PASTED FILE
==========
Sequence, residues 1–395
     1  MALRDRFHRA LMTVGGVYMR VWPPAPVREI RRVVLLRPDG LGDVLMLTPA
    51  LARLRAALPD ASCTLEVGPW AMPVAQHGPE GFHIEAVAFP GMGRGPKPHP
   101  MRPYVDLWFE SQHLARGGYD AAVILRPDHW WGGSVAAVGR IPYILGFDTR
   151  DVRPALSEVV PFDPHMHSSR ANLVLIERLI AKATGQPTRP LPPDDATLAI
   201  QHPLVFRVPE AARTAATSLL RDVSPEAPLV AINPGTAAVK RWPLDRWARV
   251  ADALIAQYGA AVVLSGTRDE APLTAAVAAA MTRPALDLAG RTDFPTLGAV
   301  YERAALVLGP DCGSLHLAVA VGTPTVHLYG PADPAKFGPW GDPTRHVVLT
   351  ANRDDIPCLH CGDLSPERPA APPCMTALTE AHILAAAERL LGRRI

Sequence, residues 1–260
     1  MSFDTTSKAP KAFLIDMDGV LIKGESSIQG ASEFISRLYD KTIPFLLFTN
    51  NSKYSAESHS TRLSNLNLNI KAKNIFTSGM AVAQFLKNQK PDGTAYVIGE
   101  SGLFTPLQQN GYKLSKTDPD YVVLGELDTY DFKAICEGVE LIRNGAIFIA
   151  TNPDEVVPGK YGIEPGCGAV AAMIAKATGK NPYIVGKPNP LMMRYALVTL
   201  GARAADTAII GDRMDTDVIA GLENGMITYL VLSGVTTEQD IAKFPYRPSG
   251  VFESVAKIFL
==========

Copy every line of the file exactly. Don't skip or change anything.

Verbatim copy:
Sequence, residues 1–395
     1  MALRDRFHRA LMTVGGVYMR VWPPAPVREI RRVVLLRPDG LGDVLMLTPA
    51  LARLRAALPD ASCTLEVGPW AMPVAQHGPE GFHIEAVAFP GMGRGPKPHP
   101  MRPYVDLWFE SQHLARGGYD AAVILRPDHW WGGSVAAVGR IPYILGFDTR
   151  DVRPALSEVV PFDPHMHSSR ANLVLIERLI AKATGQPTRP LPPDDATLAI
   201  QHPLVFRVPE AARTAATSLL RDVSPEAPLV AINPGTAAVK RWPLDRWARV
   251  ADALIAQYGA AVVLSGTRDE APLTAAVAAA MTRPALDLAG RTDFPTLGAV
   301  YERAALVLGP DCGSLHLAVA VGTPTVHLYG PADPAKFGPW GDPTRHVVLT
   351  ANRDDIPCLH CGDLSPERPA APPCMTALTE AHILAAAERL LGRRI

Sequence, residues 1–260
     1  MSFDTTSKAP KAFLIDMDGV LIKGESSIQG ASEFISRLYD KTIPFLLFTN
    51  NSKYSAESHS TRLSNLNLNI KAKNIFTSGM AVAQFLKNQK PDGTAYVIGE
   101  SGLFTPLQQN GYKLSKTDPD YVVLGELDTY DFKAICEGVE LIRNGAIFIA
   151  TNPDEVVPGK YGIEPGCGAV AAMIAKATGK NPYIVGKPNP LMMRYALVTL
   201  GARAADTAII GDRMDTDVIA GLENGMITYL VLSGVTTEQD IAKFPYRPSG
   251  VFESVAKIFL